Take a look at the Royal Lyceum Theatre’s autumn programme for this 50th anniversary year, and you’ll see a short season book-ended by the recent smash-hit Lyceum production of Waiting For Godot, and the forthcoming Christmas show, The Lion, The Witch And The Wardrobe.
In the middle, though – and set to open next week – there’s something else entirely: the Lyric Theatre, Hammersmith’s stage version of Sarah Waters’s Victorian lesbian romance Tipping The Velvet, which opened in London four weeks ago, to a delighted audience response. The show is directed by Lyndsey Turner, who has recently won international fame as the director of the controversial Barbican Hamlet, starring Benedict Cumberbatch; and its presence in the Lyceum’s in-house programme raises all sorts of questions about the new culture of co-production and partnership between theatres which funding bodies seem so eager to encourage, as an obvious way of reducing costs.
For even a quick glance at the detail of how Tipping The Velvet was put together suggests that the process of co-production is far more complex than that. It’s clear that Tipping the Velvet is a Lyric Hammersmith show, conceived there, cast there, and rehearsed there. Yet the Lyceum organisation has been involved in discussions about the project from the outset. The scale of the production is dependent on resources the Lyceum has been willing to bring to it, in both cash and kind (some of the set has been built at the Lyceum’s Roseburn workshop), and the concept has partly been shaped by the idea of creating a show set in and around the world of Victorian theatre, for two exquisite Victorian auditoriums.
“It is emphatically not all about saving money,” says the Lyceum’s executive director Alex McGowan. “Tipping The Velvet is actually a more expensive show for us than, say, Faith Healer, the opening Lyceum production of this year; what the co-production does is to enable us to stage a bigger show, with a larger cast and a more complex set, than either theatre could afford on its own. If you’re doing a co-production project for the right reasons, though, then the upsides of it are huge, and not only for the audience, who get to see a wider range of work. It helps people working in theatre to expand their horizons, and to get to know – and be known by – different organisations; it’s great for career development, and for making you think in fresh ways about your own organisation.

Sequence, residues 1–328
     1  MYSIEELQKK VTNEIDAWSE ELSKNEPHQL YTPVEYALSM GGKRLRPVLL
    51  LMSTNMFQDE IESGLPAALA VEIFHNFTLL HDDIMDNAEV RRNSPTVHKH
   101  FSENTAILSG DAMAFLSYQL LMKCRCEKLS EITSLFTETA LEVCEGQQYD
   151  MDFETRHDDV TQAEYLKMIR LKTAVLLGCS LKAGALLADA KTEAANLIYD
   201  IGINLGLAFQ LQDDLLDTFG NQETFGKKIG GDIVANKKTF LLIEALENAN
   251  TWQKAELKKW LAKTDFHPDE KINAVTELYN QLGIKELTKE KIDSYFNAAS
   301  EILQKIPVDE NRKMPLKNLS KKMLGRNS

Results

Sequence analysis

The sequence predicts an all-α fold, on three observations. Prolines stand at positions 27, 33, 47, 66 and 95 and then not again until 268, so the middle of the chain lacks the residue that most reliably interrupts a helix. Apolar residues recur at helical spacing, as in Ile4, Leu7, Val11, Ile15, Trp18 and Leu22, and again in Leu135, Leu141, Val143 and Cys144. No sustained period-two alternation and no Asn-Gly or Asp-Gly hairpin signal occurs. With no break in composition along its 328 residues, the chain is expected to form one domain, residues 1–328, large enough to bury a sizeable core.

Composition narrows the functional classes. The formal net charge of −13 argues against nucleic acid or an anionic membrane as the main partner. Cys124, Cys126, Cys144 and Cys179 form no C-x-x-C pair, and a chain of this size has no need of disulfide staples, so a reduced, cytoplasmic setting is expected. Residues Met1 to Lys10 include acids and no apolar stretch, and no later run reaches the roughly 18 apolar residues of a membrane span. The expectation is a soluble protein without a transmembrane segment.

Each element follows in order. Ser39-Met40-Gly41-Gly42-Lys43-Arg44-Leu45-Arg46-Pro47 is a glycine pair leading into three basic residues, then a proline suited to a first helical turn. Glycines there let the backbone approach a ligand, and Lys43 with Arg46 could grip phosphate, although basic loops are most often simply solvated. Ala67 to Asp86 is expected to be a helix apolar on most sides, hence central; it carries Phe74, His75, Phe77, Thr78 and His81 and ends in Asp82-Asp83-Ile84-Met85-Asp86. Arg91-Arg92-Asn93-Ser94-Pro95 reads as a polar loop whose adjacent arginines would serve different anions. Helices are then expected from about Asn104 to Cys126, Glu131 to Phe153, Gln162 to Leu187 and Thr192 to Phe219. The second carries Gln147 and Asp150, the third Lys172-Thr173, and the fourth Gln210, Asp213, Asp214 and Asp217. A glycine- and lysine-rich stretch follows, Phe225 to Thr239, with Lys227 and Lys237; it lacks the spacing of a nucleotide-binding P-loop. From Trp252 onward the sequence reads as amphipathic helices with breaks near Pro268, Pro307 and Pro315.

And all of this points to what Mark Thomson, the Lyceum’s outgoing artistic director, says is the most significant thing he has learned about co-production; that the project has to be based on a genuine creative impulse, and not on some imposed structure. “That kind of structure,” he says, “leads rapidly to either to a lowest common denominator, or a kind of servitude, and neither of those is good. It’s also not good if co-production just becomes a way of reducing the amount of work created; that reduces opportunities for actors, writers, designers, directors, and takes away the distinctiveness of each company’s work.
“On the upside, we’ve done a huge amount of successful co-production in recent years, both as the lead producing house and in projects led by others; we led on last year’s Pressure, which was co-produced by Chichester Festival Theatre, whereas Crime And Punishment, for example, was led by the Citizens’. But you simply can’t afford to get locked into a co-production routine that makes you into a receiving house, for part of the year, rather than a producing theatre. It has to be about fun, about the work, about the creative stimulus of working with different people in a different company with different ideas. And it can’t be about obligation; because obligation is never, ever a good basis for art.”
• Tipping The Velvet, Royal Lyceum Theatre, Edinburgh, 28 October until 14 November, www.lyceum.org.uk